Here. As I said here, this is a case that happened sooner than I thought it would, though I knew it would happen again. I don't begrudge those making the decisions, but I'm heartened that this time the shuffling of feat and tugging of collars isn't as prevalent as it was with Charlie Gard.
With young Charlie Gard, only old time pro-lifer types stepped in to say that a parent shouldn't be forced to let a child die. Most others debated, discussed or wavered in their appraisal of the issue. Many back at my Patheos stomping grounds were, not surprisingly, behind the State's right to step in and tell the parents they must let the child die.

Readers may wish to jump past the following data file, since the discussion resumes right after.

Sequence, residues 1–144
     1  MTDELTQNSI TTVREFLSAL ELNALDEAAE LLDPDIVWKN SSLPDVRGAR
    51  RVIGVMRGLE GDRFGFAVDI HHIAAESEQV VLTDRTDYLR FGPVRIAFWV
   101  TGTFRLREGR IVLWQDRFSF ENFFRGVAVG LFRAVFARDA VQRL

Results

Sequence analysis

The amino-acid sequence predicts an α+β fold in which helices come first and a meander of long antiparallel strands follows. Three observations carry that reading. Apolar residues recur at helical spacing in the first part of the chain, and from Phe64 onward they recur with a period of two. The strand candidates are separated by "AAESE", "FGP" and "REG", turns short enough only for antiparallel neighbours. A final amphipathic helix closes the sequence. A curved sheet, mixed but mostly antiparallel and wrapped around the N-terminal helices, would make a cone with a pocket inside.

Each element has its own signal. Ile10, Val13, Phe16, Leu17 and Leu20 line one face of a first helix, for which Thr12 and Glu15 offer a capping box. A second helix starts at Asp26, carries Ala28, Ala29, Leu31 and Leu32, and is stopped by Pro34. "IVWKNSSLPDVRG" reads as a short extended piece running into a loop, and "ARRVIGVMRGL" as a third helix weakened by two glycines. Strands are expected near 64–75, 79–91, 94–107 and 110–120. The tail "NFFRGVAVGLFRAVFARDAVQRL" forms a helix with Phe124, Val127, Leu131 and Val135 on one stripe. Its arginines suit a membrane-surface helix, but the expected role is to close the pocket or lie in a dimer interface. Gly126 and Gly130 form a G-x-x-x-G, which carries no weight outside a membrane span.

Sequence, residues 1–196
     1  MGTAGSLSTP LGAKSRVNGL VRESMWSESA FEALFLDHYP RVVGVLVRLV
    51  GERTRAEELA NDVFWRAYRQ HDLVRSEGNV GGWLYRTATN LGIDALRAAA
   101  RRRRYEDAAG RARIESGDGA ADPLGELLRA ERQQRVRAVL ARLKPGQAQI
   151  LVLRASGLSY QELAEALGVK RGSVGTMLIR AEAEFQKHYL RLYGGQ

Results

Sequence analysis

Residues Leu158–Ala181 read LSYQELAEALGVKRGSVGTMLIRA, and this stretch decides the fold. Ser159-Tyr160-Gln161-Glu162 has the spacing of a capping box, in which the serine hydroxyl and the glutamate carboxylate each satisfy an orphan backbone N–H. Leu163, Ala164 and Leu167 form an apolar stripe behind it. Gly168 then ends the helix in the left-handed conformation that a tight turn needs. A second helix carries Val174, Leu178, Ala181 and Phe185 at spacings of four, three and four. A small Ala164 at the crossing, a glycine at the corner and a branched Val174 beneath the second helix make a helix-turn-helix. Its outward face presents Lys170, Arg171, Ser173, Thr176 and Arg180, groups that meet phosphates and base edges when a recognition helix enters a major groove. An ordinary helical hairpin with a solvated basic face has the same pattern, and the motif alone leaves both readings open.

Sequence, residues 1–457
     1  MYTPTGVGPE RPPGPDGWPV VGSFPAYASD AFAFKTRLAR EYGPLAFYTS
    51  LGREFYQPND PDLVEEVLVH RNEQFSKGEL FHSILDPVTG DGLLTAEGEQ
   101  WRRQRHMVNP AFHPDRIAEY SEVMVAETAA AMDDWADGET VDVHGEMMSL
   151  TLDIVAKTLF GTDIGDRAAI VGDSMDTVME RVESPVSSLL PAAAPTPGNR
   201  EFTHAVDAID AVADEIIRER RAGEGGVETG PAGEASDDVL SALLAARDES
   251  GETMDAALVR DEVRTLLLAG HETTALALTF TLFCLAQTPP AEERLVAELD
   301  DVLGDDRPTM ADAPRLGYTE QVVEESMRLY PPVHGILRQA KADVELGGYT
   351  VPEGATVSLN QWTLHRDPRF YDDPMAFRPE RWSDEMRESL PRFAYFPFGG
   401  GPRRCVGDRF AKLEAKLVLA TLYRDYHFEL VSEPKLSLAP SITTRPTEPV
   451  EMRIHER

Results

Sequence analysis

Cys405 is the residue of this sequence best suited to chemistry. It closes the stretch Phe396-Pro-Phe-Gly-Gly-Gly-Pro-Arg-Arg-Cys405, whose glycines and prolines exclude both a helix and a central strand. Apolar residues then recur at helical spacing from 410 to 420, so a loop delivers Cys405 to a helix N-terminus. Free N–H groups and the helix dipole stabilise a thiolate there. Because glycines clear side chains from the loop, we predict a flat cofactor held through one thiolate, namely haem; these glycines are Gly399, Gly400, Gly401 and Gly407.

The New Prolife Movement was, likewise, unclear, seeming to fear taking too strong a stand for the parents, while understanding that based on everything we think of when we think pro-life, there is a problem with letting the State demand that a person - a child - be let to die.
But so far, those commenting, including Pope Francis, are in agreement that this trend of the State demanding the death of a child needs to come to an end.